The physics of basketball
- Fontanella, John Joseph, 1945-
- Baltimore, MD : Johns Hopkins University Press, 2006.
- Physical description
- xiv, 150 p. : ill., ports. ; 23 cm.
QC26 .F66 2006
- Unknown QC26 .F66 2006
- Includes bibliographical references and index.
- Publisher's Summary
- Drain three pointers, slam dunk easily, and sink that buzzer-beater from half court with the help of simple science. Your coach, physicist John J. Fontanella, shows how you can improve your game if you take advice from Isaac Newton. As you read, relive some of the great moments in the game - this time with a scientist and diehard basketball fan as your color analyst. Find out why you ought to put spin on the ball. Get tips on how to improve your free throw and increase your percentage from the charity stripe. You'll even learn how to shatter the backboard, if that's something you've always dreamed of doing. With photographs and simple high school formulas, physics professor Fontanella - who played in college against Pittsburgh and Syracuse - reveals the key pieces of physics that underscore basketball. He covers almost every aspect of the game, weaving in stories from games he's played and games he's seen, and tales from basketball history and folklore. Physics comes alive as you see how Kobe Bryant, Wilt "the Stilt" Chamberlain, Michael Jordan, Becky Hammon, and J. J. Reddick do naturally the things that Isaac Newton says they should.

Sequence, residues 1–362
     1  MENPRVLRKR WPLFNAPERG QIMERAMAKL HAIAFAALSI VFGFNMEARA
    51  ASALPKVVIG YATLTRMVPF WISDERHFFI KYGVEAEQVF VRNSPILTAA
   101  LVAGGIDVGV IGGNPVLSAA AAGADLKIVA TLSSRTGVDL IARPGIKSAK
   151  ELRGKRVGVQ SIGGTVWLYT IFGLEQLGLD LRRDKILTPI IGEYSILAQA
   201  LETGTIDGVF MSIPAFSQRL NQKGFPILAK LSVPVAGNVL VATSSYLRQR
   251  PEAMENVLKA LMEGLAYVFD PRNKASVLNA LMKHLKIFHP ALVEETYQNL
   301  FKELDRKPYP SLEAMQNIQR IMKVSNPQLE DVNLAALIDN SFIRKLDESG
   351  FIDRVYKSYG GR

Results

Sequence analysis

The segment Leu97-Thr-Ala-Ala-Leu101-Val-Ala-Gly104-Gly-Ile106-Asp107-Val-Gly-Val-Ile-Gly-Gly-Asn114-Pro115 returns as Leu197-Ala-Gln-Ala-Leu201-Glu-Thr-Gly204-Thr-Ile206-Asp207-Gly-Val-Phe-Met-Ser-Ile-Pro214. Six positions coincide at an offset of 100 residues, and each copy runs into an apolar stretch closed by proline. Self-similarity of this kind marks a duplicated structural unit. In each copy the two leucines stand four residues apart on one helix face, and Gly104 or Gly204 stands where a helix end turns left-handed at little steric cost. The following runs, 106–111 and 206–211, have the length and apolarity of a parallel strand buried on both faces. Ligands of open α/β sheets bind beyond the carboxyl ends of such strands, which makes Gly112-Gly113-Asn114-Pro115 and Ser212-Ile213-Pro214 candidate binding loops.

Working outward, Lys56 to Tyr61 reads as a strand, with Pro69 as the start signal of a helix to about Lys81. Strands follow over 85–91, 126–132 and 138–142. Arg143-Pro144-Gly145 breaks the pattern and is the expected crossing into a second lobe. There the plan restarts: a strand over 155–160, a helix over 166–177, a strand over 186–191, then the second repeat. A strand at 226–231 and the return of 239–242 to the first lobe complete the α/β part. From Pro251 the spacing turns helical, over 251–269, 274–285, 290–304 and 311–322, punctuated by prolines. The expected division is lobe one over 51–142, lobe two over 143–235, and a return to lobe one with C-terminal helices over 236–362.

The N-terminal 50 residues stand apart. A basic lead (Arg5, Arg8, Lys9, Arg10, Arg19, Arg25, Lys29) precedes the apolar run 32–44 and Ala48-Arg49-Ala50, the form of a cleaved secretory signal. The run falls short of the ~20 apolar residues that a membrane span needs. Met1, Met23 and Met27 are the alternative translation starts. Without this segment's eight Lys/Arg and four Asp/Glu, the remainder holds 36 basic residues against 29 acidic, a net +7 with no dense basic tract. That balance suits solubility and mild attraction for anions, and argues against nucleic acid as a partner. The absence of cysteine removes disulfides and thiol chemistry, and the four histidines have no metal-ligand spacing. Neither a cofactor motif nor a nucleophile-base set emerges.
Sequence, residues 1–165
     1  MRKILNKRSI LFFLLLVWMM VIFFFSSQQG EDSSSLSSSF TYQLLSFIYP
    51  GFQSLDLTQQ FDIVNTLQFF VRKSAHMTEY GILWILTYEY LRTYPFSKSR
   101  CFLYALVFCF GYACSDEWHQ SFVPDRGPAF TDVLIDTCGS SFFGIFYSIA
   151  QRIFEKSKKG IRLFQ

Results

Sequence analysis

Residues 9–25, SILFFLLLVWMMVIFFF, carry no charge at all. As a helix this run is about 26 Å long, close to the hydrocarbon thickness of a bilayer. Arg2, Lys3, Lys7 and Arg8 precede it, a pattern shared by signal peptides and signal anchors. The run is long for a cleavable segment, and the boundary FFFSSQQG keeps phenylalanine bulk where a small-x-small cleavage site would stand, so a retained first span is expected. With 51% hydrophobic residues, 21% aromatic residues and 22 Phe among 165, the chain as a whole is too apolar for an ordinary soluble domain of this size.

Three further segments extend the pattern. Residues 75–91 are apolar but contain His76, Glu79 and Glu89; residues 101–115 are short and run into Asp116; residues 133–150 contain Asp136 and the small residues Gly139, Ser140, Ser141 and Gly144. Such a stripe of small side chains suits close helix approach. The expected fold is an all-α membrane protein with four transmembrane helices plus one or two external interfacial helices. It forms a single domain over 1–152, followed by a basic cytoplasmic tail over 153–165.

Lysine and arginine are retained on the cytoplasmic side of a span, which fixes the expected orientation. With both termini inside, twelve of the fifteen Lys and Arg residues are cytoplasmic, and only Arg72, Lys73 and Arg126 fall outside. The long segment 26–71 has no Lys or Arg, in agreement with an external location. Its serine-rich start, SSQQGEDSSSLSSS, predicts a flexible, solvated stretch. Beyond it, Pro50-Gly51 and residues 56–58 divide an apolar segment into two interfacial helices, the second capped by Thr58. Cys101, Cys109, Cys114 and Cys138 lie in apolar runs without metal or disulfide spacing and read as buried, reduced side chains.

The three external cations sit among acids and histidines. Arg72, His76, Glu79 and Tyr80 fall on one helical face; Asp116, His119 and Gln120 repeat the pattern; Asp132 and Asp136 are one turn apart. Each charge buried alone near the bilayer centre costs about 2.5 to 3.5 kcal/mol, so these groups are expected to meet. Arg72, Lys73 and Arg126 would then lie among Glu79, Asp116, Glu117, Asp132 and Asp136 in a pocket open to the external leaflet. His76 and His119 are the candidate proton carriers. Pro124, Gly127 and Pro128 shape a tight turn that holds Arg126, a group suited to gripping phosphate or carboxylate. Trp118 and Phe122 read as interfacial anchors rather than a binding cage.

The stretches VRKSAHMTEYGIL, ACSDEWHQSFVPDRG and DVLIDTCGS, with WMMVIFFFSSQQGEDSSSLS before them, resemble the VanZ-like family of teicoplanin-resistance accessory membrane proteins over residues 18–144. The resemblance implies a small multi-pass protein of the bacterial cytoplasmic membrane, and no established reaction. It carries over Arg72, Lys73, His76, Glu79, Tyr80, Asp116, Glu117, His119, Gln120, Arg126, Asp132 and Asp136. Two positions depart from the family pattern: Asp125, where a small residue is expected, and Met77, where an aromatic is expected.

(source: Nielsen Book Data)
- Publication date
- John J. Fontanella.